It keeps us and our communities alive, clean, green and functional. But what happens when a city or town's water becomes scarce?
"Water is a shared resource that has to be fairly distributed to commercial, municipal and private use," said Wes Tyler, assistant state climatologist in the S.C. State Climatology Office, a division of the S.C. Department of Natural Resources, in April shortly before retiring. "Fire protection is a top priority, as is drinking water availability."
The S.C. Drought Response Act of 2000 requires that all water utility providers adopt a local drought management plan that addresses how water would be conserved during certain stages of drought — incipient, moderate, severe and extreme.
"Local drought ordinances or plans are the best-fit responses that address local hydrologic situations such as water supply source, distribution and usage," said Mark Malsick, severe weather liaison for the S.C. State Climatology Office.
A Drought Response Committee of state and local representatives from the state's four drought management zones periodically coordinates responses to water supply shortages. The committee decides if there is any level of drought in the state by reviewing average temperatures; precipitation; crop moisture index; future weather forecasts; and river flow, lake and groundwater levels.
Local drought management efforts are continually changing as conditions change, but not all plans work for each season. There is typically greater demand for water during the warmer months, but consumption can rise at any time of the year. Keeping the public involved, informed and participating in the decision-making process is key to implementing an effective drought management plan.
That's why it helps to get ahead of a drought when faced with a long-term forecast of scant rain. The S.C. Climatology Office recommends officials undertake predrought planning efforts.
Some preresponse measures aimed at conserving the system's source water include
Identifying all major water users of the system (the top 10 percent heaviest users, including wholesale customers).
Identifying water users with whom there are conservation agreements.
Conducting a vigorous public education program. An effective public outreach program will keep the public informed about the water supply situation, what actions will mitigate drought emergency problems, and how well the public is meeting the program goals.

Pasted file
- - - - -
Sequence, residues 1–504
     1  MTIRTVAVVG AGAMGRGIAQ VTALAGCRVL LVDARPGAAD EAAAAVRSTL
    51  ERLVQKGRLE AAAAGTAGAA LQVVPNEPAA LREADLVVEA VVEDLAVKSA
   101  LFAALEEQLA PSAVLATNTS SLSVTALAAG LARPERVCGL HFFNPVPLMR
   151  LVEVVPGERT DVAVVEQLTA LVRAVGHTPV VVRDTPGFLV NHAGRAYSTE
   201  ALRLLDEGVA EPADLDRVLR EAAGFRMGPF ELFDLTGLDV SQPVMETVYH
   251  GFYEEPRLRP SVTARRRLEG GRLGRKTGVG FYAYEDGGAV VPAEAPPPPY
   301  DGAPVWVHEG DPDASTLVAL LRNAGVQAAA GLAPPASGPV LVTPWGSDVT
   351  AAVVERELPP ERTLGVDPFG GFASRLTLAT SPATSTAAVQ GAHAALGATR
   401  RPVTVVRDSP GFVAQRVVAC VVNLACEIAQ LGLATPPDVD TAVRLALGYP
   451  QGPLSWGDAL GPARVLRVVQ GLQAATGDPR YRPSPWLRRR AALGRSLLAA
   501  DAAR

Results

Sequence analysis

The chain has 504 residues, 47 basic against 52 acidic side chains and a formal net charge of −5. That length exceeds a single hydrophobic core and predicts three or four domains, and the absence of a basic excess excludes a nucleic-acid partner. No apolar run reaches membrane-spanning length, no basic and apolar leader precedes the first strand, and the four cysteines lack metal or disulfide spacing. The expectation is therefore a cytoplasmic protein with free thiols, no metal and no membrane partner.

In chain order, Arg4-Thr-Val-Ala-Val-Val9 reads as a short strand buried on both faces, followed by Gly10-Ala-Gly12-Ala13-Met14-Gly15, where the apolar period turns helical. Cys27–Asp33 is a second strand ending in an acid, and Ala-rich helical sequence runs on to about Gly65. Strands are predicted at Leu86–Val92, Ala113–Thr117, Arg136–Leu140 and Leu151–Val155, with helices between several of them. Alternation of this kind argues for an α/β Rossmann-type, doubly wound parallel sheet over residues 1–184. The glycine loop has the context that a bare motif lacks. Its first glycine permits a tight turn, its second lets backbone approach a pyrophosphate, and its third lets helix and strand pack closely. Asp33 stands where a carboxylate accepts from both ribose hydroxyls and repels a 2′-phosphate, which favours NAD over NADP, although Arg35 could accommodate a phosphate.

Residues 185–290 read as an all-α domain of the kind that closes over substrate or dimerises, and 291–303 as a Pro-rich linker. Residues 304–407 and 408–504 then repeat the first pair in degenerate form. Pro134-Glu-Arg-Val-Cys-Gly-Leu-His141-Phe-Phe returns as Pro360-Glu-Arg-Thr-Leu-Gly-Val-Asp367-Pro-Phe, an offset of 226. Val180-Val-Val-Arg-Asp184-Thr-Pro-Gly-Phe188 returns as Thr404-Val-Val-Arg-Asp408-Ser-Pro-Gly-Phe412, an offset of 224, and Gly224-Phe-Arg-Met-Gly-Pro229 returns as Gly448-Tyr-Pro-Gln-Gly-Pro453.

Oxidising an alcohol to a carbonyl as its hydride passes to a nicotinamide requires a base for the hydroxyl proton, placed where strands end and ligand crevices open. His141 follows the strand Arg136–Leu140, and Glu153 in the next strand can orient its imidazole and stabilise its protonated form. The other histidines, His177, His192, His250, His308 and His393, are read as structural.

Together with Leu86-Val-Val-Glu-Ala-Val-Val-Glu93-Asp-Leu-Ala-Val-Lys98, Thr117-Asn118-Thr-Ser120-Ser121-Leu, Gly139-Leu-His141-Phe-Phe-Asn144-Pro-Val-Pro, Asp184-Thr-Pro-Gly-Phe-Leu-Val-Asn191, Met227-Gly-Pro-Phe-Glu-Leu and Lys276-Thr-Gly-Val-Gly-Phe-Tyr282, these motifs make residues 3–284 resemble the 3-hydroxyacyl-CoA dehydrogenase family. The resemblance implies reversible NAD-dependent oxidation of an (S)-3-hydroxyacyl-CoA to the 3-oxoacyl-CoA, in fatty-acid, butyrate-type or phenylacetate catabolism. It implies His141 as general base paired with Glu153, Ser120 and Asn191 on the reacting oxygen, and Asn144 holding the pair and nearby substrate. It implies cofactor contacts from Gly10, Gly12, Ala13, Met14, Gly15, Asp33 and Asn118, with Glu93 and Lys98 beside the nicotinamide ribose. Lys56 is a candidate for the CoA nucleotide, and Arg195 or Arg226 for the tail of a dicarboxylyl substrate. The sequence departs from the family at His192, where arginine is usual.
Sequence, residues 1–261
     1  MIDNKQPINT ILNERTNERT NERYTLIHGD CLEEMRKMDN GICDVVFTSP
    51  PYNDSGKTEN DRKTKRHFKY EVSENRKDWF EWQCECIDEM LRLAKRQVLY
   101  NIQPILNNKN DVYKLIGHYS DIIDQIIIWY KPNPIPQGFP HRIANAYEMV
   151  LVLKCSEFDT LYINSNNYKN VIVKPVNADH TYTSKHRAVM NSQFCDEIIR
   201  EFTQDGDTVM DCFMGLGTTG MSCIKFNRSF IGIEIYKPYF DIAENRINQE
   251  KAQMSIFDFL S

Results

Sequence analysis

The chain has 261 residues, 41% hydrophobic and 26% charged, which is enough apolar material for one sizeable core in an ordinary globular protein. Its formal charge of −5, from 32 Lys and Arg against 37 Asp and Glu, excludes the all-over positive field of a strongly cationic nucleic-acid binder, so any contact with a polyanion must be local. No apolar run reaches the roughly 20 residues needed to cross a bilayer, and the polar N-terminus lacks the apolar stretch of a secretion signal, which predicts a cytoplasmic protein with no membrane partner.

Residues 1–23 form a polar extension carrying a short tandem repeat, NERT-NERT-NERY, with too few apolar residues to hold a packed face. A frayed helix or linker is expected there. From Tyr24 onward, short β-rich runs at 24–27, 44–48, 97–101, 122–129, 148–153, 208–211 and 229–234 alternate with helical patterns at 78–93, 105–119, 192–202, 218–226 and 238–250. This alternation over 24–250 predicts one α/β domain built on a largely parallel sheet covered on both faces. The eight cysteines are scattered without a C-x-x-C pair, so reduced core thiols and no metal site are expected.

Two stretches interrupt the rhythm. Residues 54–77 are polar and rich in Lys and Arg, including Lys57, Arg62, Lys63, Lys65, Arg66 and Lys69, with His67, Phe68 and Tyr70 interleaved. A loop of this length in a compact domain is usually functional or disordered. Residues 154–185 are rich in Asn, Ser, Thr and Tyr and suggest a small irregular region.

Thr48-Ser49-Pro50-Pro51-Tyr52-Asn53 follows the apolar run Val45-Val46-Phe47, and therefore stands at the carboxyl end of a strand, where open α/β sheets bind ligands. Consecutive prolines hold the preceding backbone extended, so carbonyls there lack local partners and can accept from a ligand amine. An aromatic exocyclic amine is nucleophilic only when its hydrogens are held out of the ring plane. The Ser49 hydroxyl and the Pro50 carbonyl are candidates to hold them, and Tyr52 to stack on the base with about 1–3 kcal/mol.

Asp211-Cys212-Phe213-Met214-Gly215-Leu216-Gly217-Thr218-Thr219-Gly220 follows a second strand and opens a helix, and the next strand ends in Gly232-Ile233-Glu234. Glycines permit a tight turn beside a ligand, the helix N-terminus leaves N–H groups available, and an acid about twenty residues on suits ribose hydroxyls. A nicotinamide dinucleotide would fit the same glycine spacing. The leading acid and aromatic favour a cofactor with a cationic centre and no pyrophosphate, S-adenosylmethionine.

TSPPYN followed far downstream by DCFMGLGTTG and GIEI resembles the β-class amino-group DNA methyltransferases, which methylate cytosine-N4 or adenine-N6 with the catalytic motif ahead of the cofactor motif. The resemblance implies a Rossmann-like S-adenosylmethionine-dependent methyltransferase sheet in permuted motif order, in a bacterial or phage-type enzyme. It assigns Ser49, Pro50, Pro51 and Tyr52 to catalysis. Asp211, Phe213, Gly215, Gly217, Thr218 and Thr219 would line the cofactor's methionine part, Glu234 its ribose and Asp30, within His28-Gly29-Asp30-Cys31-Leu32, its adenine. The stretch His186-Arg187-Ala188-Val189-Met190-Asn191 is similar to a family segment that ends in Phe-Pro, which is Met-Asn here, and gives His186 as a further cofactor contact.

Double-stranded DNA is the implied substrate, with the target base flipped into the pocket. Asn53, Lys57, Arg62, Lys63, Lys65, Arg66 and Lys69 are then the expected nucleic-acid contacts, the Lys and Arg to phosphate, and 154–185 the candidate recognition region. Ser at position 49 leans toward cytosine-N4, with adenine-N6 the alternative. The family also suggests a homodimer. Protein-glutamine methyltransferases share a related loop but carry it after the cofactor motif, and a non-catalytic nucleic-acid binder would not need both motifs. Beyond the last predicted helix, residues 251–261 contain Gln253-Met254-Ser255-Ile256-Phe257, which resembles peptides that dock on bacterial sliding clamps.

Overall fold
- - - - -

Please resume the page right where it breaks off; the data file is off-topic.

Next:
"Between surface and ground water sources, our state is fortunate to be able to — so far — meet existing demands, sometimes with restrictions," Tyler said. "The wise practice of water storage along most of South Carolina's river systems has proven to ensure that demand is met."
How bad is it?
Incipient drought — There is a threat of drought. Water levels should be more closely monitored.
Moderate drought — The threat of a drought is increasing. Local water provider can begin seeking voluntary reductions from consumers in their use of water during peak water-demand periods. Typically, the local provider aims to cut usage by 15 percent.
Severe drought — The local provider seeks voluntary reduction in water usage and can impose mandatory restrictions on nonessential usage. These restrictions, with a goal to achieve a 20 percent reduction of water usage, could involve staggering the use of water for irrigation, eliminating the washing of sidewalks and buildings, putting a halt to installations of new irrigations taps on the water system and barring consumers from washing their vehicles at home.
The provider would also emphasize to the public that consumers must conserve. When communicating potential restrictions, local officials should stress the cost savings of water conservation measures, said Malsick.
Cutting back on water usage for a given period of time is better than the alternative in many ways.
"Building water distribution infrastructure is a very expensive solution to assuage water shortages during periods of drought," Malsick said. For example, if a city or town runs out of water, trucking water in is very costly, while building water pipelines is even more so.
Extreme drought — Certain indices show a water supply shortage exists and is expected to persist. The provider aims to cut water usage by 25 percent. Customers can be mandated to eliminate any irrigation, filling swimming pools, washing vehicles, and other nonessential uses of water.
Additionally, officials could continue to stop installation of new irrigation taps on the water system; place a moratorium on the issuance of all new water service connections and contracts for all new water main extensions; or impose a drought surcharge per 1,000 gallons of water, a fee that increases with higher usage. The general principle behind the drought surcharge is that the fee is imposed on water use in excess of normal use.
As with other natural disasters and special circumstances, the governor wields emergency powers. If the Drought Response Committee finds that the conditions in a drought management area have worsened to the point of jeopardizing the health and safety of the public, the committee reports the conditions to the governor and provides a priority list of recommended actions designed to alleviate the effects of drought conditions. The governor may declare a drought emergency and issue emergency regulations to require a moratorium on water withdrawals or to allocate water on an equitable basis.
Refer to each local ordinance or plan for a more complete list of management practices and conservations measures. A model ordinance is also available.